The Crests Biography
The Crests are one of the most prominent “doo-wop” vocal groups of the 1950s, founded in Manhattan, New York, in 1955. On Coed Records in the late 1950s and early 1960s, the group had multiple Top 40 songs. In February 1959, their most popular song, “16 Candles,” reached #2 on the Billboard Hot 100 chart, selling more than one million copies and reaching gold disc status. “Step By Step,” “The Angels Listened In,” “Trouble In Paradise,” “Six Nights A Week,” and “A Year Ago Tonight” are among the group’s other hits.
Three African Americans, one Puerto Rican, and one Italian American made up the Crests. They were unusual for their time in that they were a fully integrated group, with two black males (J.T. Carter and Talmadge Gough), a black female (Patricia Van Dross, Luther Vandross‘ sister), a Puerto Rican (Harold Torres), and an Italian (John Mastrangelo, aka Johnny Maestro).
They began playing in their areas at local hospitals, charity events, dances, and other venues. In 1956, Maestro, who lived on Mulberry Street in the Italian district of the city, ran across the group while they were singing at the Henry Street Settlement House, a neighborhood gathering spot. Maestro, who had previously sung in other integrated vocal ensembles, was impressed by what he heard, and his strong voice and instinctual feel for R&B wowed the group, so they teamed up.
With the help of an old neighborhood singer known as Mr. Morrow and the cavernous expanses of the New York City subway system, they honed and polished their sound as The Crests. They were practicing their harmonies in a practically empty vehicle on the Lexington IRT line one night, when a woman passenger got off, walked over to them, and handed them a business card—it turned out she was the wife of Al Browne, a well-known arranger and producer. They called him the next day, set up an audition, and before they knew it, they were in the studio recording some of Maestro’s original tunes.
“Sweetest One” and “My Juanita” were released by Joyce Records, and “Sweetest One” reached #86 on the charts. They followed up with a third song, “No One to Love,” and a year of live performances.A chance encounter with legendary music producer George Paxton led to a partnership with Paxton’s new label, Coed Records (minus Patricia Van Dross, whose mother refused to let her go out on tour with the group).
“Pretty Little Angel,” their first Coed release, did well in the New York area at first, but faded fast. “Beside You,” their following single, was a ballad. Alan Freed, a well-known New York DJ, and TV producer Dick Clark received their copies and, supposedly, were unimpressed. They did, however, enjoy the record’s “B” side, “16 Candles.” It received a lot of exposure and charted on the Billboard Hot 100 and the R&B charts in late 1958 and early 1959, respectively. It was a major smash, reaching #2 on the charts, and the trio was added to Freed’s Christmas rock-‘n’-roll extravaganza at the Brooklyn Fox theater, alongside Buddy Holly, Ritchie Valens, and The Big Bopper.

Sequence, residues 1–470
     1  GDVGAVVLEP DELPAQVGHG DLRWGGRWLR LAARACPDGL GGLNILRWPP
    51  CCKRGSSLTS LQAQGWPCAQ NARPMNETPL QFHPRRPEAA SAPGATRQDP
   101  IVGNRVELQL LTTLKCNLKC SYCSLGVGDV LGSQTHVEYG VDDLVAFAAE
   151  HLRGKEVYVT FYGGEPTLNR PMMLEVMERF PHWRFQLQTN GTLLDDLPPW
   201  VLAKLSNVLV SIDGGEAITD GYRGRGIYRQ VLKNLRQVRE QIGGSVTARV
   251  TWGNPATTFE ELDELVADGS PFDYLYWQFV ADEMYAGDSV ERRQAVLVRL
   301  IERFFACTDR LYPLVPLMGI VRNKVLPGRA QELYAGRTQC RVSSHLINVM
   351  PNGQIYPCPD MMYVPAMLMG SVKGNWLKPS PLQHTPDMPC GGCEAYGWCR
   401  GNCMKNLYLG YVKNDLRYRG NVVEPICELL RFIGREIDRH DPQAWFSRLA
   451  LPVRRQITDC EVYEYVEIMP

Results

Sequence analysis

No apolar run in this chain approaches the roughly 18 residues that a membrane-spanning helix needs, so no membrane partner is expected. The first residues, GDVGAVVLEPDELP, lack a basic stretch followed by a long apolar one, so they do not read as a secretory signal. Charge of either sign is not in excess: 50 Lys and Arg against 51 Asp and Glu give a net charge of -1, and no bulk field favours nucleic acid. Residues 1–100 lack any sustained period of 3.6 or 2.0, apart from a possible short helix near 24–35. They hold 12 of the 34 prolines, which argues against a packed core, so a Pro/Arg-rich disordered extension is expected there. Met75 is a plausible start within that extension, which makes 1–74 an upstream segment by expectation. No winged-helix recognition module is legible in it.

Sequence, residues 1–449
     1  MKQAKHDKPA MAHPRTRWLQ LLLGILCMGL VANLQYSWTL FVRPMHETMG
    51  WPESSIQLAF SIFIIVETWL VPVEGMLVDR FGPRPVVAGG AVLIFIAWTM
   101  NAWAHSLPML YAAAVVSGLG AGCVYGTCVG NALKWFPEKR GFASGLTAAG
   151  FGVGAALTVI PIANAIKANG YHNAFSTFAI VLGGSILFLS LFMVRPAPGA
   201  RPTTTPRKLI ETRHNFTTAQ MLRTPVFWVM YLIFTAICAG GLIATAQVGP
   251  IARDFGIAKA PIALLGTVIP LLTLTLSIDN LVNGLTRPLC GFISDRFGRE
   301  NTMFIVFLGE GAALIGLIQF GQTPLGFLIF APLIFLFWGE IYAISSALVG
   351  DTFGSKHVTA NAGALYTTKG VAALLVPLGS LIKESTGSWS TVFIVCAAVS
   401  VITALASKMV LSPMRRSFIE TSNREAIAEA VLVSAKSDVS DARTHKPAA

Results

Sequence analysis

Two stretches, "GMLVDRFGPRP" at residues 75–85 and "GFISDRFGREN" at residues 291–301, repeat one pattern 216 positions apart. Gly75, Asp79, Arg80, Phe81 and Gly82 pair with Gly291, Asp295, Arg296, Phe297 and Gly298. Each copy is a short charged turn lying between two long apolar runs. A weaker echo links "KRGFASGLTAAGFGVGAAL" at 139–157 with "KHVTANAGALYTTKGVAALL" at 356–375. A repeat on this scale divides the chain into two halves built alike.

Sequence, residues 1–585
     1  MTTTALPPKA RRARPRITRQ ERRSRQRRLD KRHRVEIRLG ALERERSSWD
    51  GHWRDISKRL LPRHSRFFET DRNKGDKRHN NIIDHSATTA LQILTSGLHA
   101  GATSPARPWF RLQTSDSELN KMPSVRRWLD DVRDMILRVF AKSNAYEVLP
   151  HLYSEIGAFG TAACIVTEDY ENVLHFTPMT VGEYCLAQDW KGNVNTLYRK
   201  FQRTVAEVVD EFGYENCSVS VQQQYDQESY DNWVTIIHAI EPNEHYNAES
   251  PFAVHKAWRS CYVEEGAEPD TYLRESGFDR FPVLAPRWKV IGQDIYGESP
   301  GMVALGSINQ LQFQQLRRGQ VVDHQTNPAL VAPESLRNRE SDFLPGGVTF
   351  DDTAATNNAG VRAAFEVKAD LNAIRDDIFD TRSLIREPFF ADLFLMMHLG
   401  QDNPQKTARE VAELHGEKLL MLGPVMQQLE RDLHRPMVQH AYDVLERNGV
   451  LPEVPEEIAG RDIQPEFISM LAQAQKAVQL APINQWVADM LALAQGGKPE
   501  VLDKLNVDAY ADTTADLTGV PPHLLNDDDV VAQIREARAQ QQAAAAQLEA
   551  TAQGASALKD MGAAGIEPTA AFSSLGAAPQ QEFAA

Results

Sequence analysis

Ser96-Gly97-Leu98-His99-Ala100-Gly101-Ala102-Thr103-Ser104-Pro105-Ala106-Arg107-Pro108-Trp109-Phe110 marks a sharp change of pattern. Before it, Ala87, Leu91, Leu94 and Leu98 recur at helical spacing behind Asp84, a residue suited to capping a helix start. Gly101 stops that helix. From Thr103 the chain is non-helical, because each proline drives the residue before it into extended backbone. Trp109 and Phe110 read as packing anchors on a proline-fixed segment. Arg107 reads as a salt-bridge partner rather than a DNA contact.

They also performed at the legendary Apollo Theater and on Clark’s radio version of his popular “American Bandstand” television show. They were so popular that they were on the road nonstop for about two years, from 1958 to 1960. They kept putting out successes (“The Angels Listened In,” “Step by Step,” “Trouble in Paradise”), and Coed Records made it clear that Maestro was ready to go solo. He did so in 1960, and during the next few years, the group went through multiple personnel changes (“I Remember” was the last song with all of the original members) and signed with a variety of labels, but they never replicated their prior success.
In 2000, the group was recognized into the United in Group Harmony Association (UGHA) Hall of Fame, among many other honors. The Crests were honored into the Hall of Fame of Vocal Groups in 2004. In 2008, The Crests received induction into the Doo Wop Hall of Fame. In 2015, they were honored with induction into the Doo Wop Music Hall of Fame as well.
Frequently Asked Questions
an American doo-wop group from the Bronx, New York City, United States. The band’s first record, “Kissin’ in the Driveway”, was written by lead singer J. T. Carter and produced by Johnny Maestro. It peaked at number 58 on Billboard’s Hot R&B Sides chart in early 1959. The follow-up, “Sweetest One”, written by Fred Parris and released on Coed Records, barely scraped the Billboard Hot 100 chart, peaking at number 98 in May 1959.
How Did The Crests Get Their Name?
The Crests were a 1950s doo-wop group from the Bronx, New York. The group was formed in 1955 by two teenage friends, Johnny Maestro and Herman Santiago. The name of the group came from the fact that all five members had large crests on their jackets.
Why Did The Crests Break Up?
The Crests broke up in 1963, just three years after they formed. The main reason for the break-up was creative differences between the band members. Lead singer Johnny Maestro wanted to pursue a more pop-oriented sound, while the rest of the band wanted to stick with doo-wop. The disagreement led to Maestro leaving the group, and the rest of the band soon followed suit.
Who Was The Lead Singer Of The Crests?
The lead singer of the Crests was Johnny Maestro.
What Genre Is The Five Crests?